Driving age in the UK set to be put back to 18

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Road safety and motoring groups are heralding a new Government commissioned report that will focus on how to reduce accident fatalities by focusing on young drivers. TRL, the transport research group, wrote the report that recommends that teenagers should not be allowed to take the driving test and obtain their permit until they are 18, 17 is the minimum age for the test now.

Instead, teenagers would have to go through a 12 month learning stage starting when they turn 17 which includes at least 20 hours of night time driving and 100 hours of day time driving supervised by an adult. After passing the test they would receive a probationary license and get a plate that is green with the letter ‘P’ on it.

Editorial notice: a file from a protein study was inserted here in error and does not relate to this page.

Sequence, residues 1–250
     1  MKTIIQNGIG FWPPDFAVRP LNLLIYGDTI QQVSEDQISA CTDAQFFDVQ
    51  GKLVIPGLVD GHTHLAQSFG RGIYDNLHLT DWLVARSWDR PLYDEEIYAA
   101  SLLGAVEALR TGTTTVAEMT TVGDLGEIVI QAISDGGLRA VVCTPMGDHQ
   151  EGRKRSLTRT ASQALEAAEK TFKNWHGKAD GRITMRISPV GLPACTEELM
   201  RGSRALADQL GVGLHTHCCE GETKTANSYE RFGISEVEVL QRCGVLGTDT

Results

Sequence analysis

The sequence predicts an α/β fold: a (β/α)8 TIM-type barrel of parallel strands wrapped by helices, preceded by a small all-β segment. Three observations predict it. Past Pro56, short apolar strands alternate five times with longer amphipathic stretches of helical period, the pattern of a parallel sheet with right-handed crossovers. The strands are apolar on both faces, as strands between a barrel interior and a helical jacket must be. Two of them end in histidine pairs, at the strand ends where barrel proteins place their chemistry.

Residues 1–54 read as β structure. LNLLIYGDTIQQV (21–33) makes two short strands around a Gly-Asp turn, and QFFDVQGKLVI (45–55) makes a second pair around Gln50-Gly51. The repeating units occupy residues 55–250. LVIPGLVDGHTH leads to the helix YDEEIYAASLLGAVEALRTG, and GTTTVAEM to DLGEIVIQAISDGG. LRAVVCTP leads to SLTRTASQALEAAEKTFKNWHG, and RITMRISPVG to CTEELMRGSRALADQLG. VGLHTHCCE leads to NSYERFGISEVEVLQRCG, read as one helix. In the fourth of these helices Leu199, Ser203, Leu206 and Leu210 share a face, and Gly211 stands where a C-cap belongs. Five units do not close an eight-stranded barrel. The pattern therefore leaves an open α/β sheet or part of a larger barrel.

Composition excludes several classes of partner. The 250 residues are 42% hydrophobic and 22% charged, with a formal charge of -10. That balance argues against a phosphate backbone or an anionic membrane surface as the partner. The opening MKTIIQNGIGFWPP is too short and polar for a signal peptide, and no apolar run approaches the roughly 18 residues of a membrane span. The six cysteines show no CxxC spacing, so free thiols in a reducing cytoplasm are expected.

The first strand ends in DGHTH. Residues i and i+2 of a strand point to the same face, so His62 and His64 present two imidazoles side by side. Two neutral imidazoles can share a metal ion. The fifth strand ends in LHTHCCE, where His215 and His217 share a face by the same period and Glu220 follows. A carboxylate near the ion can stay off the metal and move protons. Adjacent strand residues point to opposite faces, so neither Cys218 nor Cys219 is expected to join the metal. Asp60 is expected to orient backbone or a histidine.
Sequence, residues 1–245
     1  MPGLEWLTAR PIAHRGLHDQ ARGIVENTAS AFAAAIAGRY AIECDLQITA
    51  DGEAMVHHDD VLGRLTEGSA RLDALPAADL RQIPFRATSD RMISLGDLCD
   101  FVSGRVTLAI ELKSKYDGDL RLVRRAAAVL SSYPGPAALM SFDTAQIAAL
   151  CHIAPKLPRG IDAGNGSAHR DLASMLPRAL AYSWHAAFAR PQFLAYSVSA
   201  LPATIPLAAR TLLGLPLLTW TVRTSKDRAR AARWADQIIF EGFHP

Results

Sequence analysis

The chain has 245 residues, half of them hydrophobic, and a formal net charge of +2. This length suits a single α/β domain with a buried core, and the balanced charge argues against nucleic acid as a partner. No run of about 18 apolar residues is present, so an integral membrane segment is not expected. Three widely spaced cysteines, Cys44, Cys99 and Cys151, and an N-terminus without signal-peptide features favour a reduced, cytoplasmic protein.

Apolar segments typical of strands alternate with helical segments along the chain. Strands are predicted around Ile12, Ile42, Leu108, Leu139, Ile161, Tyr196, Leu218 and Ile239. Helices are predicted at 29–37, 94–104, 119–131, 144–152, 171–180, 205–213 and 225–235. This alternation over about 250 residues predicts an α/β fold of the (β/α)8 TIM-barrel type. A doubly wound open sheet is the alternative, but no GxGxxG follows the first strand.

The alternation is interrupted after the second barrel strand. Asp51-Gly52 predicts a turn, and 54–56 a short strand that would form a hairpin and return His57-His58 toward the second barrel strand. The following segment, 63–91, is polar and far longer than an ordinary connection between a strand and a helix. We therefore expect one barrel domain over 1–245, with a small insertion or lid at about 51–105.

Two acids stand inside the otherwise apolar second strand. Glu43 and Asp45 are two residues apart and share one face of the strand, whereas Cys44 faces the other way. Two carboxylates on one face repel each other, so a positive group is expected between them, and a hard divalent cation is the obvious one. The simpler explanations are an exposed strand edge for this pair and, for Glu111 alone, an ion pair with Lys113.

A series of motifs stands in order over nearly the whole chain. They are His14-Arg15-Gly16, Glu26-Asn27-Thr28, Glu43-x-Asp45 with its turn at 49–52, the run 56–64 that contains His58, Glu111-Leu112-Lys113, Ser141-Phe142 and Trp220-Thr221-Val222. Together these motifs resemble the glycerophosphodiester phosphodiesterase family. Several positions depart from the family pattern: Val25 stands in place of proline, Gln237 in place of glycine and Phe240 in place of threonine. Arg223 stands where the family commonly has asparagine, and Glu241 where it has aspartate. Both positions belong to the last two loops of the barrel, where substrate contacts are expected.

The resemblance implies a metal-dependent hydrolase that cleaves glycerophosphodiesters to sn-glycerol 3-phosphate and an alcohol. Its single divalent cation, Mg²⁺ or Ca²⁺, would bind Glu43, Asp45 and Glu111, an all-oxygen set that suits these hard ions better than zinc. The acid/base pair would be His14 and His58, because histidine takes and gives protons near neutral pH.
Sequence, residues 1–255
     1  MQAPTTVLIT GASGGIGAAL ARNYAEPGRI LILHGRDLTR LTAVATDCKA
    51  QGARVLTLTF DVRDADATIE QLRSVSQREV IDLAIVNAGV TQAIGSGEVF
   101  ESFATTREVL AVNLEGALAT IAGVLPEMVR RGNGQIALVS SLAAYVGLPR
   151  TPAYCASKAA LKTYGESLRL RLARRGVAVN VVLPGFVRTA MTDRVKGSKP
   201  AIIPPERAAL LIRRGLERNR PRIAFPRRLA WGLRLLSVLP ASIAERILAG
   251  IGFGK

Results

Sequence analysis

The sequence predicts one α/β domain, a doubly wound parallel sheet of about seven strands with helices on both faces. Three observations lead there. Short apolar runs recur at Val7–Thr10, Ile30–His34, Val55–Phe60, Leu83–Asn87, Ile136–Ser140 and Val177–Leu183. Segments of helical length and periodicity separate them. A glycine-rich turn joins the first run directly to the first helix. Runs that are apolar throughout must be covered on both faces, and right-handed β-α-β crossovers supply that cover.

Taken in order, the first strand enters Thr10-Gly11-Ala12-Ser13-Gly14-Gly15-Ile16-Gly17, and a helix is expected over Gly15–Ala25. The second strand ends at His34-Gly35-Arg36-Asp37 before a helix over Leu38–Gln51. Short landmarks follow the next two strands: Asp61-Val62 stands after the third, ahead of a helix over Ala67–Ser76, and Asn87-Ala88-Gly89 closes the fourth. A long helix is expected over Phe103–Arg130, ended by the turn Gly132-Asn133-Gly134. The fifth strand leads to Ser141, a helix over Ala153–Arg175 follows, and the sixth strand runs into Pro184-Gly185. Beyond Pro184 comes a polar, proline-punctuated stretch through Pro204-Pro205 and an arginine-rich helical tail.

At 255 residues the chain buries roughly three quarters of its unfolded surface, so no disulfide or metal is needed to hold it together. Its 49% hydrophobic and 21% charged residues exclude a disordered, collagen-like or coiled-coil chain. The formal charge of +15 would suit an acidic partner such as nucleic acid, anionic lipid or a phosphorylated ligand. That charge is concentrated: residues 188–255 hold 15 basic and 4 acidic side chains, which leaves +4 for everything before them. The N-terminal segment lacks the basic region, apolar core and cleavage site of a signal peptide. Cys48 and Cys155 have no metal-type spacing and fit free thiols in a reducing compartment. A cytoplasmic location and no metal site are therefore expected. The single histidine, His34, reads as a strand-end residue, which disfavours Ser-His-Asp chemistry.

Additional restrictions placed on their license would be a nighttime curfew between the hours of 10pm to 5am unless with an adult over the age of thirty. They also would not be allowed to have passengers in the car that are under the age of thirty during curfew hours.

The report also suggesting that all mobile phone use by young drivers should be banned in the car including hands-free mobile use. A lower alcohol limit was also suggested for young drivers. Once drivers passed the 12 month probationary license period they would be graduated to a full license and allowed unrestricted driving privileges.

TRL estimates that changing to the graduates licensing system would save the Government about £224 million and save about 4,400 lives on an annual basis. It explained that the figures apply to new drivers between the ages of 17 and 19 and that the system could be adapted to include all new drivers. If this was done then the costs and casualties would be reduced even more as a result.